1960s nuclear testing helps determine if adult brains generate new neurons

Washington: The birth of new neurons in the adult brain sharpens memory in rodents, but it has long been debated if the same holds true for humans.

A study reveals that a significant number of new neurons in the hippocampus - a brain region crucial for memory and learning - are generated in adult humans.

The findings suggest that new neurons are born daily in the human hippocampus, offering the tantalizing possibility that they may support cognitive functions in adulthood.

Senior study author Jonas Frisen of the Karolinska Institute said that it was believed that people are born with a certain number of neurons, and that it is not possible to get new neurons after birth.

He said that they have provided the first evidence that there is substantial neurogenesis in the human hippocampus throughout life, suggesting that the new neurons may contribute to human brain function.

Frisen and his team developed an innovative method for dating the birth of neurons.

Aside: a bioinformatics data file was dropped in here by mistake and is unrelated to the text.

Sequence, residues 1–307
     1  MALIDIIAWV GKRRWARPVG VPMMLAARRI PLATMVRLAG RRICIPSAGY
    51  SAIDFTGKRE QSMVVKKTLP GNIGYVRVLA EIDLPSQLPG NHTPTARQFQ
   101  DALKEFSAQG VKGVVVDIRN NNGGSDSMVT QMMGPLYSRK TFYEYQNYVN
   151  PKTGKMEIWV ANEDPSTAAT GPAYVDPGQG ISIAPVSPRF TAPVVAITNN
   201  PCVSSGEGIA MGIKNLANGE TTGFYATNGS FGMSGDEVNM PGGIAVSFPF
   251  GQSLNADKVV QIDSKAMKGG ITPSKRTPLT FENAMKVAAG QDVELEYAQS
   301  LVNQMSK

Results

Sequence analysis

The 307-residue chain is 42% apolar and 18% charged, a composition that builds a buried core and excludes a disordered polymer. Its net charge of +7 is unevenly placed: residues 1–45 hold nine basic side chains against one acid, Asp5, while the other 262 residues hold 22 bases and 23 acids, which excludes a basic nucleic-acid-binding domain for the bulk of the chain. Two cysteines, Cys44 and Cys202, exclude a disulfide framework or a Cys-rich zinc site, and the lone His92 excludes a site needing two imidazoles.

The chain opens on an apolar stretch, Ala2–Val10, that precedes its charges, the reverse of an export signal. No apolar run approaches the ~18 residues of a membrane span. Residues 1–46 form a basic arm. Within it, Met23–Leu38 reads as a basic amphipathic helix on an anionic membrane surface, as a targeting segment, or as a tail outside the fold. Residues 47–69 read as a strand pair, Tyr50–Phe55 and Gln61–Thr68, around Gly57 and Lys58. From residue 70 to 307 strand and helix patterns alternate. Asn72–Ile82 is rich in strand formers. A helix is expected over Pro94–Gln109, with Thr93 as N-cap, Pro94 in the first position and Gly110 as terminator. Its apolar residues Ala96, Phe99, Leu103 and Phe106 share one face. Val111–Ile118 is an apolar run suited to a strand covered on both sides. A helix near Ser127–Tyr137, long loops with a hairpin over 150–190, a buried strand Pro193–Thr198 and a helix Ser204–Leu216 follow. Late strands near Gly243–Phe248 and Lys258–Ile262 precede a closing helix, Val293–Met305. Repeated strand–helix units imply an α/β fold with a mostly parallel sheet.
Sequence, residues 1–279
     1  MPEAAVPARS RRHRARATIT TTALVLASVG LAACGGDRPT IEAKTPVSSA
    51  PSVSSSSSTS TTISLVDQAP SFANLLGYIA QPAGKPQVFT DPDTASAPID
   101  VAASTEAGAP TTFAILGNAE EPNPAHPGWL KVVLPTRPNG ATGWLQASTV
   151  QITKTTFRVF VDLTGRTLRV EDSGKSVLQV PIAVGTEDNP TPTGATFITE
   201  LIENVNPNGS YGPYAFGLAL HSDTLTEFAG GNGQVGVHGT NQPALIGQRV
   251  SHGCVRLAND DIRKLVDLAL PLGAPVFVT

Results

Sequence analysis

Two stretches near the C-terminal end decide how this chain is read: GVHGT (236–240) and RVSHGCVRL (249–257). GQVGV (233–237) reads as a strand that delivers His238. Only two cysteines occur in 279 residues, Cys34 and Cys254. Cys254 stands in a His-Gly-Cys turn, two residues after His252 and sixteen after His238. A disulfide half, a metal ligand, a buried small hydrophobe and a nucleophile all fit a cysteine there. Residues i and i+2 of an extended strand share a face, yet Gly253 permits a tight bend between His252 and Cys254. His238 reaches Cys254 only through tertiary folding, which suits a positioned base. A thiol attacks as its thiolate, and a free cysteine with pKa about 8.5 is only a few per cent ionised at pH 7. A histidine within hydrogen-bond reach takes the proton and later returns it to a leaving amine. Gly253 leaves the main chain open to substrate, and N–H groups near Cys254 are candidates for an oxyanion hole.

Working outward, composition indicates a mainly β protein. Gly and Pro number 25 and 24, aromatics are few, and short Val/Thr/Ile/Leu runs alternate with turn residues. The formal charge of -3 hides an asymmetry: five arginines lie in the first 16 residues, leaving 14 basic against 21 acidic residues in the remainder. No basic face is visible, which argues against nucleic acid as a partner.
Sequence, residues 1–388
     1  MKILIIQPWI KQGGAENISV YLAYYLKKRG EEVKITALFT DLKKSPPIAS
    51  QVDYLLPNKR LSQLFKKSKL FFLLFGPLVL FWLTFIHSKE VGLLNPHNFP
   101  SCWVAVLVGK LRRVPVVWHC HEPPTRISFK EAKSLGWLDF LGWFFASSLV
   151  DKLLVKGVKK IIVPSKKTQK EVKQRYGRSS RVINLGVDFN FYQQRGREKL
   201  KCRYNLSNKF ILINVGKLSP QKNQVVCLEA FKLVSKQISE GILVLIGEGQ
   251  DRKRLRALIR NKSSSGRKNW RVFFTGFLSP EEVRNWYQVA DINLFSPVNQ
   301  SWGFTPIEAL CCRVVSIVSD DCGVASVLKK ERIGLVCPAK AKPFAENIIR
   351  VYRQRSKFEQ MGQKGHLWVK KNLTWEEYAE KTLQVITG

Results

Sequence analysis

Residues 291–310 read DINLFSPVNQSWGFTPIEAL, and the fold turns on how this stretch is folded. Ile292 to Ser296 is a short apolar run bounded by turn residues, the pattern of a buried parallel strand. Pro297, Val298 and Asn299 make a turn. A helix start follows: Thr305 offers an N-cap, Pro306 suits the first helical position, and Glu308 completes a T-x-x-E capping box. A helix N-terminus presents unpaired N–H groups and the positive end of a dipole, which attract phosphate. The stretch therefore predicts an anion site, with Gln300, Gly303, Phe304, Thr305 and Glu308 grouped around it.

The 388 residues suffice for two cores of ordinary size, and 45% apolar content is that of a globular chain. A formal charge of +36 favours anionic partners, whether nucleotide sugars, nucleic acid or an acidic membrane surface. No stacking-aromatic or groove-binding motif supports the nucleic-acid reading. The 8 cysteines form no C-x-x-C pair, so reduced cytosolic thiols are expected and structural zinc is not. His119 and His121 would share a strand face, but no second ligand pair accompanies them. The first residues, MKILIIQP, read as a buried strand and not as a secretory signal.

This strategy took advantage of the elevated atmospheric levels of carbon-14, a nonradioactive form of carbon, caused by above-ground nuclear bomb testing more than 50 years ago.

Since the 1963 nuclear test ban treaty, atmospheric levels of "heavy" carbon-14 have declined at a known rate.

When we eat plants or animal products, we absorb both normal and heavy carbon at the atmospheric ratios present at that time, and the exact atmospheric concentration at any point in time is stamped into DNA every time a new neuron is born.

Thus, neurons can be "carbon dated" in a similar way to that used by archeologists.

By measuring the carbon-14 concentration in DNA from hippocampal neurons of deceased humans, the researchers found that more than one-third of these cells are regularly renewed throughout life. About 1,400 new neurons are added each day during adulthood, and this rate declines only modestly with age.

A study has been published in the journal Cell.